Secretlab Magnus: What's good

Secretlab Magnus DeskSource: Dan Thorp-Lancaster / Windows Central

With the rising popularity of "gamer" chairs in recent years, there has also been a rise in desks that are specifically targeted at the PC gaming crowd. However, what much of the industry bills as a "gamer" desk involves loud colors and, much of the time, cheap construction. With the Magnus, Secretlab has brought its legacy of creating premium gaming seats to the desk space with a design that feels solid and is absent of in-your-face design flourishes.

In short, the Magnus is relatively simple, but incredibly functional. It's decked out in a nearly all-black color scheme that, combined with its low profile, looks quite stealthy. That low-profile is for a reason, too: Secretlab designed the Magnus to complement its 2020 Series gaming chairs, offering the right height and clearance to allow you to easily slide up to the desk, recline, and more without bumping into it.

Aside from the mostly black color, you'll find small red accents scattered throughout. The legs feature a thin, metallic red line where they slide into the table top. There's also red stitching around the magnetic leatherette desk matt. The only areas that stray away from this color combination are the muted gold Magnus and Secretlab logos that are stitched into the right and left sides of the desk mat.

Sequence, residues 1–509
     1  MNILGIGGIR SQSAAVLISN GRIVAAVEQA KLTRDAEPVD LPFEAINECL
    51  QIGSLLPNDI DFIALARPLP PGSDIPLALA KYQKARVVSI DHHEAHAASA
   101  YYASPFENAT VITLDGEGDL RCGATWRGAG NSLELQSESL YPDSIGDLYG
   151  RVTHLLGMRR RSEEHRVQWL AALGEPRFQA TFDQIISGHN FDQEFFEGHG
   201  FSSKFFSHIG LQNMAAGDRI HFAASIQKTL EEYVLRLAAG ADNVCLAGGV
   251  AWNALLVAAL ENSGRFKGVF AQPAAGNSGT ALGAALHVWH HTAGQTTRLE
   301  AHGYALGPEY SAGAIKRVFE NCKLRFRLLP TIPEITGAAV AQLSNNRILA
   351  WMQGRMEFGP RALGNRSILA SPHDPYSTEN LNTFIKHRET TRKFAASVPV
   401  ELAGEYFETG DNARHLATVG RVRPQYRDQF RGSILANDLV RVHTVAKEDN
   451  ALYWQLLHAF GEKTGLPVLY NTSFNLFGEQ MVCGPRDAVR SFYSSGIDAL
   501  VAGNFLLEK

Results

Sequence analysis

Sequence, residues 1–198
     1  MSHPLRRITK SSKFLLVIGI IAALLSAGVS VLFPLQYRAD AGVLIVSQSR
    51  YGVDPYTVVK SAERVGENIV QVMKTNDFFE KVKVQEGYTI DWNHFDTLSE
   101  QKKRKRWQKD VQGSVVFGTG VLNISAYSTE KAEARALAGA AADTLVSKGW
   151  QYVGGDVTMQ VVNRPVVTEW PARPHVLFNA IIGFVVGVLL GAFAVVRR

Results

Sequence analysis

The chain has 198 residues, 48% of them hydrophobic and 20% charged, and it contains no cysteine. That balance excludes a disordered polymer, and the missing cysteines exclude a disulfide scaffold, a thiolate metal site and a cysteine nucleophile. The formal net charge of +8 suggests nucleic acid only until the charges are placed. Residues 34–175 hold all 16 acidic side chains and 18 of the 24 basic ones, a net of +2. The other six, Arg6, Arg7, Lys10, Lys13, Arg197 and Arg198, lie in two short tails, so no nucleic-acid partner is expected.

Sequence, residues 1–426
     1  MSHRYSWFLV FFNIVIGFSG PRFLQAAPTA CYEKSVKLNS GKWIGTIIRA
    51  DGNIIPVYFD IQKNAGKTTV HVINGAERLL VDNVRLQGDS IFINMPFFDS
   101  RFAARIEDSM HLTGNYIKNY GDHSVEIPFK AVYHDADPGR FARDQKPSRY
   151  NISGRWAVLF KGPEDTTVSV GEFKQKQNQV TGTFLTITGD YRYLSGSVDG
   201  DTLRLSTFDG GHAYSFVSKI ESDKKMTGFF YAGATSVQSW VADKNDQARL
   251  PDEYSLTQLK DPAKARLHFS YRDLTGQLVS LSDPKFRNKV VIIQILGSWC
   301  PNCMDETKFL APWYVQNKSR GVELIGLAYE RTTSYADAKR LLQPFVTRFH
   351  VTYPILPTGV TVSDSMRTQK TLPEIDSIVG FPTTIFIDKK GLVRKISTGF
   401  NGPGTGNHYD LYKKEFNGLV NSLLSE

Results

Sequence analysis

The Secretlab Magnus is simple, but incredibly functional.

Despite its subtle design, the Magnus hides away some intriguing secrets that are a delight to use. The most prominent is the cable management system at the back of the desk. It's hidden under a metal piece that extends the length of the desk and rotates to allow easy access to a power strip for anything sitting on top of your desk.

What's more, the metal cover is angled on the side that faces you, cleverly leaving a gap big enough to slide cables through. It's one of the more elegant cable management solutions I've seen on a desk, and it's certainly more useful than the drilled holes you'll find in most other desks. Once you're finished plugging something in, you rotate the cover back down and everything is hidden from view.

Because the surface and legs of the desk are made out of metal, the whole thing is magnetic. This is where the magnetic accessories come in, allowing you to customize your cable management even more. My favorite of these has been the magnetic cable anchors, which keep an incredibly firm grip on the desk's surface and look great in their metallic red sheen.